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San Antonio Utility Approves Vista Ridge Takeover

The San Antonio Water System board on Wednesday approved a takeover of the controversial Vista Ridge project — a move set in motion by the financial troubles of a firm the city had enlisted to build the 142-mile pipeline.

A map of the proposed pipeline that will deliver 16 billion gallons of water annually from underneath Burleson County to San Antonio, about 140 miles away.

The San Antonio Water System board on Wednesday unanimously approved a takeover of the controversial Vista Ridge project by a Kansas City-based construction company — a move set in motion by the financial troubles of a Spanish firm the city had enlisted to build the 142-mile pipeline.

The financial standing of that firm, Abengoa, began eroding in mid-2014, around the same time the city council unanimously approved a contract between one of its subsidiaries and the city-owned water utility. Under the agreement, Abengoa Vista Ridge would've designed and constructed a project that city leaders believe is key to San Antonio's water future — but that environmentalists argue will hinder conservation efforts and damage local water supplies. 

The pipeline is expected to deliver up to 16.3 billion gallons of water per year to San Antonio from a wellfield in Burleson County starting in 2020, expanding the city’s water supply by 20 percent.

Utility officials said the project was still a go even after Abengoa entered bankruptcy proceedings in the fall. But in February, Abengoa Vista Ridge's director informed the utility's governing board that the company was behind on payments to project vendors and was looking for an equity partner to take control of the project. 

In late March, the company announced it had struck a deal to sell 80 percent of Vista Ridge — and all of its decision-making authority — to its primary construction contractor, Garney Construction. On Friday, the utility board quietly called a special Wednesday meeting to vote on the deal.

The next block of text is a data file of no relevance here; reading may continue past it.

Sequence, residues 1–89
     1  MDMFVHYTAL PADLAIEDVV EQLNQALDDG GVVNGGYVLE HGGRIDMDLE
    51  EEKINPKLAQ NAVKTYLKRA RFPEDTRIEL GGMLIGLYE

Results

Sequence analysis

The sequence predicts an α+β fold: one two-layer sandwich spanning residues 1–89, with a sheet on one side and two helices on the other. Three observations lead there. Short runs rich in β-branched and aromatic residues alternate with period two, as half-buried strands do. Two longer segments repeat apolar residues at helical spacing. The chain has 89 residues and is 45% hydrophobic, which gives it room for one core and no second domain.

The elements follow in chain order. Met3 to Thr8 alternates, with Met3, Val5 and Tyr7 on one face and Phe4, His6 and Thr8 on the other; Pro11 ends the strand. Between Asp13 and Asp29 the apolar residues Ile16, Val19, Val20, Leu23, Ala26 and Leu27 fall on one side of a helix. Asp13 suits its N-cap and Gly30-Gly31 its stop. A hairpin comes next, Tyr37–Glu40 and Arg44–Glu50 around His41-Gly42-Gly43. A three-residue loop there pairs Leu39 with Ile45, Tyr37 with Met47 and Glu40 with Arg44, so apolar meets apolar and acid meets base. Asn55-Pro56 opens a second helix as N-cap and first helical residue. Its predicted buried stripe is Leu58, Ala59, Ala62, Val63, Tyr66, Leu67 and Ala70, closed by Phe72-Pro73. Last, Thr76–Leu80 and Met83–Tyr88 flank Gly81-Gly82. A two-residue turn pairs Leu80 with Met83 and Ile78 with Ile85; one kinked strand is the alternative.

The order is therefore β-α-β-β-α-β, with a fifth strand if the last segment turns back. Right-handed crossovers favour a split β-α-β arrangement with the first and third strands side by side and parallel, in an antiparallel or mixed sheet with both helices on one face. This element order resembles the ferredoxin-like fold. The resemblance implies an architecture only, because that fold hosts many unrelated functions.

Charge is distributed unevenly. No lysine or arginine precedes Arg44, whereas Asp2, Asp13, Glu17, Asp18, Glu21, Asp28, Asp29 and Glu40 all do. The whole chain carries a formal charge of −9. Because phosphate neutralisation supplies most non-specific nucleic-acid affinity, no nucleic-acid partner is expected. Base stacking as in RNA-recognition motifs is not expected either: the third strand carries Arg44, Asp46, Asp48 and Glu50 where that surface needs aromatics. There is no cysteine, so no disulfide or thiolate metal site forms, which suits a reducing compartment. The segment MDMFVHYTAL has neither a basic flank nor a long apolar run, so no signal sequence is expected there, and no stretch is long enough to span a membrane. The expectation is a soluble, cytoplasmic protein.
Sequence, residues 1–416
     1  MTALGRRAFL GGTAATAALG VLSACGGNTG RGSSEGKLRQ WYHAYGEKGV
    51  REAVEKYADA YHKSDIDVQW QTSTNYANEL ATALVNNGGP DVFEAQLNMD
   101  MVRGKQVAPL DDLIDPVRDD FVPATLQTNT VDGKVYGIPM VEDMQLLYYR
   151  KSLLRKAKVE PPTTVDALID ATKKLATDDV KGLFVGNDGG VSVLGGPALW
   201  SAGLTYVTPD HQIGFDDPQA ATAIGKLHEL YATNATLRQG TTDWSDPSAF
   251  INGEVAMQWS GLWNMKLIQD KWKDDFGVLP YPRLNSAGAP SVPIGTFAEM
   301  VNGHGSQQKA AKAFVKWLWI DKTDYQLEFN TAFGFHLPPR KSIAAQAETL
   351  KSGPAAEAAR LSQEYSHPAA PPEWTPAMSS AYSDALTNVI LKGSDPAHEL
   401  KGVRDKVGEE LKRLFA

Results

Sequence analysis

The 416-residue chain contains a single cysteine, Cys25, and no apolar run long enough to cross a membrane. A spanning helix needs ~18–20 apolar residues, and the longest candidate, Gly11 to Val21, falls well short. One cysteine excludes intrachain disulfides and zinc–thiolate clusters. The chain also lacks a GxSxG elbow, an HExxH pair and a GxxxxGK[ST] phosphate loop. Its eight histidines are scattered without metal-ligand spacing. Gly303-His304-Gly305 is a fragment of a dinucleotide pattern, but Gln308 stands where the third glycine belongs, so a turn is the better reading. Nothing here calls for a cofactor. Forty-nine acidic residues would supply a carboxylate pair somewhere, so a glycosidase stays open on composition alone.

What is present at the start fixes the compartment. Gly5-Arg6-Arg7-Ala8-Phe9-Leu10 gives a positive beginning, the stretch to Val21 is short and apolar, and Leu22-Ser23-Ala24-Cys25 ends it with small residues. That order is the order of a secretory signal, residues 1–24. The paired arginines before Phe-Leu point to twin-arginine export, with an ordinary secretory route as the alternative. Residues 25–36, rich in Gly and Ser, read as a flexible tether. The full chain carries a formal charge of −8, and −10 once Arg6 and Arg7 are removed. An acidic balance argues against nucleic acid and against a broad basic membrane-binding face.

Vista Ridge opponents have argued that despite Abengoa’s deteriorating financial status, the firm has far more experience financing and executing large-scale projects than Garney, whose main focus is construction.

In a presentation to the board on Wednesday, Donovan Burton, the utility’s vice president for water resources and government relations, acknowledged prior uncertainties around Garney’s ability to take the helm. 

“We had some, I guess, questions and concerns,” he said. “Can Garney make it with some of the added costs? Can they ... turn this into a project that works? And we’re here today to say that we believe that they have and we believe they can.”

Earlier this month, the board approved a recommendation to lock in interest rates on the project, something it had the authority to do under its contract with Abengoa. That brought the total project cost down half a billion dollars to $2.9 billion, but it also meant Garney would have to make up the difference if interest rates rose by the time the company locked down financing for the pipeline.

Garney has figured out how to “mitigate the interest rate” through short- and long-term financing, Burton told the board Wednesday. And Scott Parrish, Garney’s chief operating officer, praised the rate lock in remarks to the board before its vote.

“We’re excited to help you secure San Antonio’s water future,” he said.

Board chairman Berto Guerra praised Garney for its “willingness to step up in a time of need.”

“Sometimes that’s just the way the good Lord works,” he said.

San Antonio Mayor Ivy Taylor, who serves on the board, was more guarded in her comments on the deal, noting the obstacles and opposition the project has faced.

“In spite of the fact that it’s been difficult, I am still encouraged,” she said, thanking “the community folks who come out and consistently challenge us and ask questions.” 

She added: “I’ll be more excited when we see some pipe in the ground and some water coming out, but it is again a multi-stage, multi-layer process and so everybody has put their best effort forward in order for us to get to this point.”

Vista Ridge opponents, meanwhile, argued that the utility violated open meetings laws by not posting the specifics of the meeting agenda until Monday. On Wednesday, they again urged the board to vote no on the deal.

“The perception of abundant water is a danger to San Antonio,” said Alan Montemayor, a member of the Alamo Sierra Club.

Disclosure: The San Antonio Water System has been a financial supporter of The Texas Tribune. A complete list of Tribune donors and sponsors can be viewed here.

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